# Can a Hamiltonian include explicitly the derivative of the conjugate momentum, especially after a canonical transformation?

Can a Hamiltonian expression, say $$H$$ with $$(q,p)$$ as conjugate variable pair, include the total derivative of $$p$$ explicitly? That is, can we have $$H=H(q,p,\dot{p})$$?

And, if so, what does it imply in terms of the usual canonical equations? I can see that it will lead to second order derivatives now. Is this permissible in the Hamiltonian formulation, and what does it mean?

Finally, if a transformation $$(Q,P,t) \rightarrow (q,p,t)$$ is what had led a regular Hamiltonian $$K(Q,P,t)$$ to become a new one $$H(q,p,\dot{p},t)$$ with such dependence on $$\dot{p}$$, as described above, does that mean that such transformation is necessarily not canonical? Or can a regular canonical generating function $$F$$, for example, do so?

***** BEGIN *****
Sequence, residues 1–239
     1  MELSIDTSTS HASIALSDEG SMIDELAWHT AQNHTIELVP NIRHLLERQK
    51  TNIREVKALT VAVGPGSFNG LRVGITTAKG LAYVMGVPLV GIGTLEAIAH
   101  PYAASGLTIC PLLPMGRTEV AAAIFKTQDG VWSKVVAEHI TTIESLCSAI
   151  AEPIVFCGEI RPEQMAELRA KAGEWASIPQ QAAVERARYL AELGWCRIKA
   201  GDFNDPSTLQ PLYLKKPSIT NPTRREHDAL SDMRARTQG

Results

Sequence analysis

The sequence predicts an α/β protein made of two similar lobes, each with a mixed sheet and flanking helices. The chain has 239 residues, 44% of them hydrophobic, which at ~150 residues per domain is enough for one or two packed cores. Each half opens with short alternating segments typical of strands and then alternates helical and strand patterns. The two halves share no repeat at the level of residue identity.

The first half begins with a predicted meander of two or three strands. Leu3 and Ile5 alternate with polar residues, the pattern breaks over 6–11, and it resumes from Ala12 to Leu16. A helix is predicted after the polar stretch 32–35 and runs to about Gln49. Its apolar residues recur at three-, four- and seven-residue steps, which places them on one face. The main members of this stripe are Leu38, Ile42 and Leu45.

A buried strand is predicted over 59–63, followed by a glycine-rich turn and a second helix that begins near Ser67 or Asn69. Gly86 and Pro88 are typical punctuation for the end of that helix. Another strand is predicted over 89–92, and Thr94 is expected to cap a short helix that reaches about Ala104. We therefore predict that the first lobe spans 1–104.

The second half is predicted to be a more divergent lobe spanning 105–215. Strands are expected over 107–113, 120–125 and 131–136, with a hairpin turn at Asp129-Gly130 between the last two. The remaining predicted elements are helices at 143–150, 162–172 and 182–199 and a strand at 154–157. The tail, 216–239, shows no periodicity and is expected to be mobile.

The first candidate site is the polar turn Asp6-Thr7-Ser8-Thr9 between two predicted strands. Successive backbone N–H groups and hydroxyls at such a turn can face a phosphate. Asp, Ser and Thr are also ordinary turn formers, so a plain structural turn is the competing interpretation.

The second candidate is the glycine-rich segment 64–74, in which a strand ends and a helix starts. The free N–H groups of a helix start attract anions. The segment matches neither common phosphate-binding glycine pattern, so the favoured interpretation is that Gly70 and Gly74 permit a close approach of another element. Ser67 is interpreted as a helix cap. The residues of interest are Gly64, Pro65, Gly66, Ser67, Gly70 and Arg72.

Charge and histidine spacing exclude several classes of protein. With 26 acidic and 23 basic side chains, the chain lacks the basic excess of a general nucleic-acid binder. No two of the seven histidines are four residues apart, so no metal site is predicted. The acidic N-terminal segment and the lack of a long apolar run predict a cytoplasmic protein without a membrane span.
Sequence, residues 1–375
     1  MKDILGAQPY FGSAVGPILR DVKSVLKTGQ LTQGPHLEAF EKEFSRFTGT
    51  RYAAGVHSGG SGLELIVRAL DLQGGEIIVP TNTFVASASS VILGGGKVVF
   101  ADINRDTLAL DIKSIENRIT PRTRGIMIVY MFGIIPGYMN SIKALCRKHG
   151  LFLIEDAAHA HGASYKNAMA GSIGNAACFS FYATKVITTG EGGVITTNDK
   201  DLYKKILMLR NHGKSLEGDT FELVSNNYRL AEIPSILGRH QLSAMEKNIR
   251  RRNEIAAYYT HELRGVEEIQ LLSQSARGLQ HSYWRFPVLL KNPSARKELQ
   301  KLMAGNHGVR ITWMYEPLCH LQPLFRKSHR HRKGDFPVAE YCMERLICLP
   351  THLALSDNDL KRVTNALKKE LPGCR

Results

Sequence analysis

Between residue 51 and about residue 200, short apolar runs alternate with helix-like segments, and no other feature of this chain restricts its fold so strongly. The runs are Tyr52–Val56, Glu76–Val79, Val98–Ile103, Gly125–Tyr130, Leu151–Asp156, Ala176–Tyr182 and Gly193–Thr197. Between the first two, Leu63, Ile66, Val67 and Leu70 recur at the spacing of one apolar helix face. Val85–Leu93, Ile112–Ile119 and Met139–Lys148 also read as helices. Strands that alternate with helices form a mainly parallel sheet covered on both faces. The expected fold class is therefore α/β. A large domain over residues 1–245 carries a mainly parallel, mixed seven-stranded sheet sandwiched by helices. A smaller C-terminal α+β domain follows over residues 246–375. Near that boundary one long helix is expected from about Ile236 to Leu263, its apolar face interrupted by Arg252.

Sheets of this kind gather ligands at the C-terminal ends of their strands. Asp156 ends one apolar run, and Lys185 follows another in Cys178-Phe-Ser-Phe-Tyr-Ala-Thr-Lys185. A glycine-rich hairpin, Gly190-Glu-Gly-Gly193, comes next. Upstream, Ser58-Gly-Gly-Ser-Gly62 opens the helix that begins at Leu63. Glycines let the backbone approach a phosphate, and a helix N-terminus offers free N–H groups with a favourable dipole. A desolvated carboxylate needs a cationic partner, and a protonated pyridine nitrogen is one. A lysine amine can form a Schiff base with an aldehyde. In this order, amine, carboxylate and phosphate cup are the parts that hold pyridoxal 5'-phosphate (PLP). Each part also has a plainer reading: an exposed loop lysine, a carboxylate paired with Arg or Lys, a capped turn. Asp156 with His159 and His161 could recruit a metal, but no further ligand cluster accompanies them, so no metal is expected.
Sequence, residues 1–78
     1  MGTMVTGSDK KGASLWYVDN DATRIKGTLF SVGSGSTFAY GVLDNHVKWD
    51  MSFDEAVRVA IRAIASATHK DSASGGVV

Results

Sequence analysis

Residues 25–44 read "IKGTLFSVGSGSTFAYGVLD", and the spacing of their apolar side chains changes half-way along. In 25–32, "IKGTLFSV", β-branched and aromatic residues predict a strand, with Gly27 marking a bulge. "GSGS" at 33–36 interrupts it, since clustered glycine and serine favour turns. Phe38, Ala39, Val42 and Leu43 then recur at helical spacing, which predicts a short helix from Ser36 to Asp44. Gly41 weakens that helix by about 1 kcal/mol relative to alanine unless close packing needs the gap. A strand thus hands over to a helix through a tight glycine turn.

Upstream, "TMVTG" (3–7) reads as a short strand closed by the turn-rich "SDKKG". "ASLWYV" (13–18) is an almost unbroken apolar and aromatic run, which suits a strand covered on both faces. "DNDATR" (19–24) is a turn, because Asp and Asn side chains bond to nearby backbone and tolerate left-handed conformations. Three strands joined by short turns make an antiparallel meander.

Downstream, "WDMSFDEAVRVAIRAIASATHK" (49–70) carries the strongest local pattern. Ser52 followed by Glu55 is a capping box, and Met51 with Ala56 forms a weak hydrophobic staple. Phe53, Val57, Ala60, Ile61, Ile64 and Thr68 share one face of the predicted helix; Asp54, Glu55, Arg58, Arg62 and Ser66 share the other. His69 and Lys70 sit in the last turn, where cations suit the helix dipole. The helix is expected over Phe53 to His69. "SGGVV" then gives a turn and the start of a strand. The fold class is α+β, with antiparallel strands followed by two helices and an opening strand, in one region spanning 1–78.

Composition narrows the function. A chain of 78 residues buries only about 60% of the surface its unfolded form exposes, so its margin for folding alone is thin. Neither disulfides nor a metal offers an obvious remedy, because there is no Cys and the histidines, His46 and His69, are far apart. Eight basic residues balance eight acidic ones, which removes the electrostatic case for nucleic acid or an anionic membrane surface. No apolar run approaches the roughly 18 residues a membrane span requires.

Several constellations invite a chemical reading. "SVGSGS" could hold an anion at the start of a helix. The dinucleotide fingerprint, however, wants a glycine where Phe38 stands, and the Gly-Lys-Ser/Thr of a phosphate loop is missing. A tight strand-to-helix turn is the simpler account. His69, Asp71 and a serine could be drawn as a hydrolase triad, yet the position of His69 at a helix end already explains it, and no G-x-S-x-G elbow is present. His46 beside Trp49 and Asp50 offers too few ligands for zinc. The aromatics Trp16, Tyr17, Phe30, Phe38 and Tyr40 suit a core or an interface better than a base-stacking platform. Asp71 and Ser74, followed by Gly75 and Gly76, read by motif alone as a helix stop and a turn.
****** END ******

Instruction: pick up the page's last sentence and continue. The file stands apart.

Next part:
No, the Hamiltonian $$H(q,p,t)$$ depends by definition not on $$\dot{q}$$ or $$\dot{p}$$. Similarly for the Kamiltonian $$K(Q,P,t)$$.
For Legendre transformations involving $$\dot{q}$$ or $$\dot{p}$$, see e.g. this & this Phys.SE posts and links therein.